Posted: Thu 21st May 2020

Welsh Government accused of ‘fudging’ coronavirus fines increase by North Wales police commissioner

North Wales news and information

The Welsh Government has been accused of “fudging” an increase in coronavirus fines by the North Wales Police and Crime Commissioner.

Last night, First Minister Mark Drakeford announced the maximum fine for repeated breaches of the COVID-19 lockdown rules in Wales would rise from £120 to £1,920 ahead of the bank holiday weekend.

He said the move was based on a request from the four police forces in Wales and the police and crime commissioners to help deter people from repeatedly breaching the stay-at-home regulations.

However, North Wales PCC Arfon Jones said the changes did not go far enough with the minimum penalty remaining static at £60, which can be reduced to £30 by paying early.

Posting on Twitter, he said: “It’s all spin cos £60 is no deterrent.”

His sentiments were echoed by Plaid Cymru leader Adam Price, who described the decision not to raise the minimum fine as “bitterly regrettable”.

He said: “After weeks of pressure from Wales’ police chiefs and Plaid Cymru, the Labour Welsh Government have finally seen sense and raised the maximum fines for those breaking lockdown rules in Wales from £120 to £1,920.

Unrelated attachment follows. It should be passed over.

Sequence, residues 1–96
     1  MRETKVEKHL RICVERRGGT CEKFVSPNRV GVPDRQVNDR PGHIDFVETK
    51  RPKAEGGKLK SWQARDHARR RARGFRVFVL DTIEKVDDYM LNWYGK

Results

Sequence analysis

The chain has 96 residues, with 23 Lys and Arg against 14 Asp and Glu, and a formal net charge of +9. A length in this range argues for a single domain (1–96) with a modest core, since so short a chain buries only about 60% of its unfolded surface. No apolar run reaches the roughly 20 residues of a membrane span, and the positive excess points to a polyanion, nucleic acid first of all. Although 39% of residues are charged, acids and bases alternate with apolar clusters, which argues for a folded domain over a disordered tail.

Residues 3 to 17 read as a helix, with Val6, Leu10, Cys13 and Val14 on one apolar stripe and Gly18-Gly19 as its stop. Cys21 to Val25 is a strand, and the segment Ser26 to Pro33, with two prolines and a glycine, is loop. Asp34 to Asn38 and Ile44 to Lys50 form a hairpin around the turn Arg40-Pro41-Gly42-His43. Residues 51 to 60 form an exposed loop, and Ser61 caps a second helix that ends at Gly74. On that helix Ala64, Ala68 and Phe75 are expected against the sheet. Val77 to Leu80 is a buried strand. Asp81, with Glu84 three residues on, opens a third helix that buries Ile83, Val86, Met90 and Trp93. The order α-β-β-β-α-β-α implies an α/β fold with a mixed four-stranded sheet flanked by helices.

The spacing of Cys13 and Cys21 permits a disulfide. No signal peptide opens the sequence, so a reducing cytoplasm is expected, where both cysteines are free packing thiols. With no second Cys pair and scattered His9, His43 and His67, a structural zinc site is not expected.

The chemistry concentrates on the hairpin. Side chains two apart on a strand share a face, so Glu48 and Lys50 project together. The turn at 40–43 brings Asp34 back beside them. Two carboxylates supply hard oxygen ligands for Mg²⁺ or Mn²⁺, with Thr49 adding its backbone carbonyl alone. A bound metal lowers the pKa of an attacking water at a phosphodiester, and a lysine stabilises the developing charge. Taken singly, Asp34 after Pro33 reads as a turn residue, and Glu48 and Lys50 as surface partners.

“This latest U-turn from the government is a victory for common sense and to the perseverance of our police forces who are doing heroic work in protecting our communities during this crisis.

“However, the decision not to raise the minimum fines in parity with England as requested by the All Wales Policing Group remains bitterly regrettable.”

Mr Jones later posted up a table demonstrating the change in fine levels, pointing out how the lower end of the scale had not altered greatly.

Announcing the changes to the fines structure, which will come into force tomorrow,Mark Drakeford said: “I am very grateful to the chief constables and our police and crime commissioners for all the work they have done to keep Wales safe throughout the coronavirus pandemic.

“The police have adopted a ‘4Es’ approach to the regulations – they have engaged people, explained what they need to do and encouraged them to comply.

“But when people haven’t responded, they have used their powers to enforce the regulations.

“Fines are a last resort in the enforcement of the regulations which keep us all safe.

“The evidence from the chief constables and police and crime commissioners shows we need a stronger fines structure to deter that small minority of people who persistently fail to keep to the rules.”



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